The climate is strikingly diverse for such a reduced area. Three major areas can be cited:
The Iberians were the oldest documented people living in what today is the Alicante province. Belonging to these there are several archaeologic sites from which is specially known the one in La Serreta (near Alcoy) because the longest inscriptions remaining in the undeciphered Iberian language were found there.
Along the coast and contemporarily to the Iberians, the seafaring Phoenicians (in Guardamar) and Greeks (along the coastal section to the north of the Alicante city) settled stable trading colonies and interacted with the former (see Lady of Elche for the most renowned archeological piece of this period).
After a brief Carthaginian period, the Romans took over. Romanization in this part of Iberia was intense, the Via Augusta communicated this part of the Empire to the metropoli and so several cities thrived, from which the one known as Ilici Augusta (now Elche) even reached the status of colonia.
After a brief period of Visigothic ruling, the area was taken by Islamic armies and became a part of Al Andalus. From the 13th century, kings like Ferdinand III of Castile, James I of Aragon, Alfonso X of Castile, James II of Aragon reconquered the cities that Moors occupied. What today is the Alicante province was initially split between the Crown of Castile and the Crown of Aragon by means of the Treaty of Almizra, however later on the whole territory became under the control of the Kingdom of Valencia, which was a component Kingdom of the Crown of Aragon.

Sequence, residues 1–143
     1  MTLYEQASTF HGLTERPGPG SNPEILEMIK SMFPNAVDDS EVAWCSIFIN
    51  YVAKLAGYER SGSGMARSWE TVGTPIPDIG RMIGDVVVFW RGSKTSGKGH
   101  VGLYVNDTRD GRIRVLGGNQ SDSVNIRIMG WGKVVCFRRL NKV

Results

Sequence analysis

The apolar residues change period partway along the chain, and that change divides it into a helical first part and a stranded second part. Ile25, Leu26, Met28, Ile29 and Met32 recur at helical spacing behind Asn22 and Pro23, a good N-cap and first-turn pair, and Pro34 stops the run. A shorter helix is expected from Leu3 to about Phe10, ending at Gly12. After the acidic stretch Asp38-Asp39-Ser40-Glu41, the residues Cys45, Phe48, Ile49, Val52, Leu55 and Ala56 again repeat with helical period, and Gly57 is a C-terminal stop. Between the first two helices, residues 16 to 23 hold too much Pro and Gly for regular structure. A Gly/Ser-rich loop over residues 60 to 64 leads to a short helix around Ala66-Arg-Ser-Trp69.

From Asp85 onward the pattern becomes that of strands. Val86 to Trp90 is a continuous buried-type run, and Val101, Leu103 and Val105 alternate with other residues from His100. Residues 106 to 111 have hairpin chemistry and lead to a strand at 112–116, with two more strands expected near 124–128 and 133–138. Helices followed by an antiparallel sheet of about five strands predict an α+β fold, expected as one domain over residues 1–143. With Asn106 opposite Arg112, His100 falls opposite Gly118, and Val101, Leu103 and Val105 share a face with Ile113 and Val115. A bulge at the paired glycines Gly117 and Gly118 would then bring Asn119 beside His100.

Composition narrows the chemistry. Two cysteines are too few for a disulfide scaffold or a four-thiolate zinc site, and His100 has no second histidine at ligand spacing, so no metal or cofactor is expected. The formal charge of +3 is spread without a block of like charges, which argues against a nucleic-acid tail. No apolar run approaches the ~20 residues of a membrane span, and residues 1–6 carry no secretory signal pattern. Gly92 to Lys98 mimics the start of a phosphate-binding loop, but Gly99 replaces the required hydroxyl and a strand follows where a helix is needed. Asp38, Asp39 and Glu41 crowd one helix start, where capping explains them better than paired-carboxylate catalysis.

The main industries in Alicante province are, in the primary sector, intensive agriculture, especially in the fertile Vega Baja del Segura, Camp d'Elx (Elche's countryside) and vineyards in the inner part of the province (Monforte, Novelda, Pinós), also near the coast in the Marina Alta area. Fishing is important all along the coast, with important fishing harbours such as Santa Pola, Calp or Dénia.
Industry has been historically important in the textile sector around Alcoy. Footwear still remains as the flagship industrial sector of the province, which occurs in Elche, Elda, Petrer and Villena, both labour-intensive footwear and, specially, textile are at a low ebb due to harsh competition from fast pace growing economies in Asia. The traditionally important toys industry around the Ibi and Onil area is another one competing internationally with those same areas.
A sector which has gained preeminence during the last 20 years is marble quarrying and processing, it happens mostly in the Novelda and Pinós area.
Still, what the province is known for is its massive tourism sector. The Costa Blanca's generally mild and sunny weather attracts millions of tourists from other European countries such as the Netherlands, the UK and Ireland, Germany, Belgium, Norway or France and also from other parts in Spain like Madrid. Thousands of families from other places own a second home in the Alicante province which they use for their vacation time.
La Mare de Déu del Consol in Altea
Montgó massif from Cap de Sant Antoni, Xàbia
The Castle in Dénia
The Castle in Moraira
Beachfront in Villajoyosa
View of the Ifach atoll in Calp
The Esplanade of Spain promenade in Alicante
The Cathedral in Orihuela
The Guadalest Reservoir
The touristic town of Guadalest
Paradise Beach in Villajoyosa.